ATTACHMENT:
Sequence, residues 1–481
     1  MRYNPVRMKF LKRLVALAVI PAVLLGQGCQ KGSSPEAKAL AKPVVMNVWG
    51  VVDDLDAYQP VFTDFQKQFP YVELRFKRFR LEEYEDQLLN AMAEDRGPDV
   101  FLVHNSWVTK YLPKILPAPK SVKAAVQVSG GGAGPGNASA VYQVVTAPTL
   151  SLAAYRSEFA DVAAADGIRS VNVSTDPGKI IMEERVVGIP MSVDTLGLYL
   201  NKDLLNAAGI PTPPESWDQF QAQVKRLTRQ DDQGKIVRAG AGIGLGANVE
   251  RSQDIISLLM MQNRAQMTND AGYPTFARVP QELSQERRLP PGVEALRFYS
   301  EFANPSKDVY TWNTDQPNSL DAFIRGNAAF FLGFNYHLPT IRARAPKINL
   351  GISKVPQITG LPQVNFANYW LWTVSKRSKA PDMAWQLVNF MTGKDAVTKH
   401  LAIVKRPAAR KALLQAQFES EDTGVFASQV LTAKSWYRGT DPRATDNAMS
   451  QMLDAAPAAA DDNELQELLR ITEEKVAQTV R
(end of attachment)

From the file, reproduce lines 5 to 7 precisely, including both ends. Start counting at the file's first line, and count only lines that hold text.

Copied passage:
   151  SLAAYRSEFA DVAAADGIRS VNVSTDPGKI IMEERVVGIP MSVDTLGLYL
   201  NKDLLNAAGI PTPPESWDQF QAQVKRLTRQ DDQGKIVRAG AGIGLGANVE
   251  RSQDIISLLM MQNRAQMTND AGYPTFARVP QELSQERRLP PGVEALRFYS